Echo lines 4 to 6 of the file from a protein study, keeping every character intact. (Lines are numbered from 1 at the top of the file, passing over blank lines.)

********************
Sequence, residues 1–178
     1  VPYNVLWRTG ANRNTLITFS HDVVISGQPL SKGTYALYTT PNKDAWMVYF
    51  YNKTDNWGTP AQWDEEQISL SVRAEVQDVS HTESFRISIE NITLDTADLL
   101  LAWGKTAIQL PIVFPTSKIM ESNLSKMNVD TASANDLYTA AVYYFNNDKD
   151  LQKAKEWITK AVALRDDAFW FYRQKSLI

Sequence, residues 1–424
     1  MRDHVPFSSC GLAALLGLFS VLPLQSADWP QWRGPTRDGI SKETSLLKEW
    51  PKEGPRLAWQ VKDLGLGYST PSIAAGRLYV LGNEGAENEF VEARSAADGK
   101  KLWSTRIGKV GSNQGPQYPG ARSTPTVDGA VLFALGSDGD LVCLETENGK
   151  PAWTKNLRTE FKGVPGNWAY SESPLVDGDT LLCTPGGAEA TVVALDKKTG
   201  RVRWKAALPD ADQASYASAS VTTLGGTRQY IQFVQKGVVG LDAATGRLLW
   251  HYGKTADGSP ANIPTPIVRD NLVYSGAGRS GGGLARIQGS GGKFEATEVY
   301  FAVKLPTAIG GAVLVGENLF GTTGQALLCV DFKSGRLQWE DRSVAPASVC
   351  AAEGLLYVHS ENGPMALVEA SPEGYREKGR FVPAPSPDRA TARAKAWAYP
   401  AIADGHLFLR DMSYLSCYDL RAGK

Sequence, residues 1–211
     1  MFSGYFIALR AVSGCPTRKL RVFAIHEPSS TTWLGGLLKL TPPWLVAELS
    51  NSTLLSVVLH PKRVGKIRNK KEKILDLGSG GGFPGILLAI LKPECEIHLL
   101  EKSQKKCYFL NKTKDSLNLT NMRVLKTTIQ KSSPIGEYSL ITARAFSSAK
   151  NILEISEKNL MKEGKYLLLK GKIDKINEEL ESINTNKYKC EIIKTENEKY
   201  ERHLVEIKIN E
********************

   101  LAWGKTAIQL PIVFPTSKIM ESNLSKMNVD TASANDLYTA AVYYFNNDKD
   151  LQKAKEWITK AVALRDDAFW FYRQKSLI

Sequence, residues 1–424